US Senator Bob Menendez charged with acting as unregistered agent of Egypt

By Nate Raymond

(Reuters) -Prosecutors pursuing a corruption case against U.S. Senator Bob Menendez on Thursday brought a new criminal charge against him that he conspired to act as a foreign agent for the Egyptian government.

The new charge was included in a revised indictment filed against the New Jersey Democrat in federal court in New York that includes four counts against Menendez. His trial on corruption charges will begin in May.

Prosecutors have said that Menendez and his wife, Nadine Menendez, accepted gold bars and hundreds of thousands of dollars in exchange for using their influence to interfere with law enforcement investigations of three New Jersey businessmen as well as aid the Egyptian government.

Egypt’s embassy in Washington did not immediately respond to a request for comment on Thursday about the new charge.

The senator has resisted calls for his resignation. He pleaded not guilty to the prior charges against him as have his co-defendants, his wife Nadine and businessmen Wael Hana, Jose Uribe and Fred Daibes.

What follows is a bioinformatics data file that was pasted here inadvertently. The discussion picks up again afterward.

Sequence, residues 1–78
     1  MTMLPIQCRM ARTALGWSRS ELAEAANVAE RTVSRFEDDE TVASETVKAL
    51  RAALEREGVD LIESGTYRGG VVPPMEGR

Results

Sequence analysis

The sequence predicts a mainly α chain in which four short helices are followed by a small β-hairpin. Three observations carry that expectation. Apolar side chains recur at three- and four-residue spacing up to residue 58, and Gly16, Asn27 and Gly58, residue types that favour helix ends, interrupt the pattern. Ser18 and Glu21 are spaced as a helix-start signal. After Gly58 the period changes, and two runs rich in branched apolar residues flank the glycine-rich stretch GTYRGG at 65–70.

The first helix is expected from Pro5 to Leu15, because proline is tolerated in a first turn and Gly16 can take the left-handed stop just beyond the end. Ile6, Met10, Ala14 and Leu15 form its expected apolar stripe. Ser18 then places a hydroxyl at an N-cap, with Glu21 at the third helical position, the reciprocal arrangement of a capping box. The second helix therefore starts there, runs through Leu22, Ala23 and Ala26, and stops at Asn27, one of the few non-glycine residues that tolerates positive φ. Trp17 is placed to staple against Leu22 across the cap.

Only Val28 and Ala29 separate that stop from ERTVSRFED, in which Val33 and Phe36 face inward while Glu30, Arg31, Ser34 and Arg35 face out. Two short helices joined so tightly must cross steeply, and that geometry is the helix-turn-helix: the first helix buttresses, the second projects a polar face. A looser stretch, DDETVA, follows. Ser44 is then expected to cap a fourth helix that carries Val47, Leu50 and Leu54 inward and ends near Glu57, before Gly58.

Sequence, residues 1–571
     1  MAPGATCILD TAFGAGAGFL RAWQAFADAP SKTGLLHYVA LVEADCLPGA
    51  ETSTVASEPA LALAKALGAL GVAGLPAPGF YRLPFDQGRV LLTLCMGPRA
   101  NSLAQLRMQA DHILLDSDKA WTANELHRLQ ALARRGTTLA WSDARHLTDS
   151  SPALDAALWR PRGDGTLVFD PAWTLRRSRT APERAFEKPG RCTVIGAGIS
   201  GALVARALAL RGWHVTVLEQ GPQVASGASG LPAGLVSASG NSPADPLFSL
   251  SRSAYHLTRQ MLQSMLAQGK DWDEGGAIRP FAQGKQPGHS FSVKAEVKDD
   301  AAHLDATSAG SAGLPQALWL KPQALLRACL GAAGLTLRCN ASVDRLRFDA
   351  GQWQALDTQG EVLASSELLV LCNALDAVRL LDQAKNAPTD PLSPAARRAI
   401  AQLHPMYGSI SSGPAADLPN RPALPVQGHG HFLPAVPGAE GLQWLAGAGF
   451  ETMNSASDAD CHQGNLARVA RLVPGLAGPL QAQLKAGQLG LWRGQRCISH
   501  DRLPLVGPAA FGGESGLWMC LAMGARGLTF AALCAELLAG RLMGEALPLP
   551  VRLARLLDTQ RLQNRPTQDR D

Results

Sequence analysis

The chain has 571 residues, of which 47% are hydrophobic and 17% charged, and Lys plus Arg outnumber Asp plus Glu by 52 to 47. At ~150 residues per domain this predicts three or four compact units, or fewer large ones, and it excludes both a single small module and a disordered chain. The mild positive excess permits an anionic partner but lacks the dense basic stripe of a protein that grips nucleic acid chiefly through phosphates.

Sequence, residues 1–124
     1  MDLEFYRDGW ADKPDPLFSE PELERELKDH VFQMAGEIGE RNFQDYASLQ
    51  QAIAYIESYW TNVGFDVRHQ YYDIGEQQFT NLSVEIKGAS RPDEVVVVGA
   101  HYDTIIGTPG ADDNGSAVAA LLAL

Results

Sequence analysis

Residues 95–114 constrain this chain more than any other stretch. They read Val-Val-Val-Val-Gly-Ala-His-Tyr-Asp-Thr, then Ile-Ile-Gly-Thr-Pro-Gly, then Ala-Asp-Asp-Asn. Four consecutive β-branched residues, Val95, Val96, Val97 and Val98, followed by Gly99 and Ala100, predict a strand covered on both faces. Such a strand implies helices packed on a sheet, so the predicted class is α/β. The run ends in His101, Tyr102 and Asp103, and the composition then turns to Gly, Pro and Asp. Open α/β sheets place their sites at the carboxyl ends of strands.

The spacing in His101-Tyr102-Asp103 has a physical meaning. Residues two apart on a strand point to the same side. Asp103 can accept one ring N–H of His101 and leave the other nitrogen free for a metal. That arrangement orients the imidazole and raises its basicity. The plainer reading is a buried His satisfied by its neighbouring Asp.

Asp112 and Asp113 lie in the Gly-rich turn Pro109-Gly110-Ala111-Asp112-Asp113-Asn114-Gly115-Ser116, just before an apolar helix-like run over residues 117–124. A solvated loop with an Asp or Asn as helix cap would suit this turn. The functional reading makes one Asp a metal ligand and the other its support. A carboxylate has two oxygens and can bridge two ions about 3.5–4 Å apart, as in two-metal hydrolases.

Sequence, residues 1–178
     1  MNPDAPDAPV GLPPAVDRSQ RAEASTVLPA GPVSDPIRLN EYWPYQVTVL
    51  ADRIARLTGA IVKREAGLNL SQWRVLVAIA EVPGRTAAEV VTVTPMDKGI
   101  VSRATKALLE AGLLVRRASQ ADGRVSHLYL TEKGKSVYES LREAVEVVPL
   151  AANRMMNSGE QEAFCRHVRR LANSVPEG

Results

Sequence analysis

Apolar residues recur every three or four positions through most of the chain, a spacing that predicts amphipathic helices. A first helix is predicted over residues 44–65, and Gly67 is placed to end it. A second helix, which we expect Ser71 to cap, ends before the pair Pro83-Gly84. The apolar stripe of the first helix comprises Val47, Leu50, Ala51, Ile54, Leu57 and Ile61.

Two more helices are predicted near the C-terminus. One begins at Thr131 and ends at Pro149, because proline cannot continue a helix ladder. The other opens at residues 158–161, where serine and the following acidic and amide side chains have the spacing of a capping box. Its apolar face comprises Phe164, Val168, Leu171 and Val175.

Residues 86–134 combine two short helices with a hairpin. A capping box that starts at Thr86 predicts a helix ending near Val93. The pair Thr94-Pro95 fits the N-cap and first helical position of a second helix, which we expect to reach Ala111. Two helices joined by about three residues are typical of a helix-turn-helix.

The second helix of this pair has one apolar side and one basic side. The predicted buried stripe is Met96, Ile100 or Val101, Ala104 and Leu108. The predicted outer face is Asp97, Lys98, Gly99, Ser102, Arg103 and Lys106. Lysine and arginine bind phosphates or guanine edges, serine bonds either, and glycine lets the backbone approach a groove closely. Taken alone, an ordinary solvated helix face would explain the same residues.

The new indictment accuses Menendez, until recently the chair of the Senate Foreign Relations Committee, of taking actions from 2018 to 2022 on behalf of Egyptian military and intelligence officials without registering with the U.S. Department of Justice as a foreign agent.

In a statement, Menendez said he had only ever been loyal to the United States and that the new charge “flies in the face of my long record of standing up for human rights and democracy in Egypt, and in challenging leaders of that country.”

“Piling new charge upon new charge does not make the allegations true,” Menendez said. “It is an attempt to wear someone down and I will not succumb to this tactic.”

Under the Foreign Agents Registration Act, individuals must register with the department if they act as “an agent of a foreign principle.”

Prosecutors have said that co-defendant Hana arranged meetings between the senator and Egyptian officials, who pressed him to sign off on military aid. In return, the businessman put Nadine Menendez on the payroll of a company he controlled.

The new indictment said both Hana and Nadine Menendez communicated requests and directives from Egyptian officials to the senator.

“The new allegation that Wael Hana was part of a plot concocted over dinner to enlist Senator Menendez as an agent of the Egyptian government is as absurd as it is false,” Hana’s lawyer, Lawrence Lustberg, said in a statement.

(Reporting by Nate Raymond in Boston and Kanishka Singh and Susan Heavey in Washington; Editing by Mark Porter, Lisa Shumaker and Grant McCool)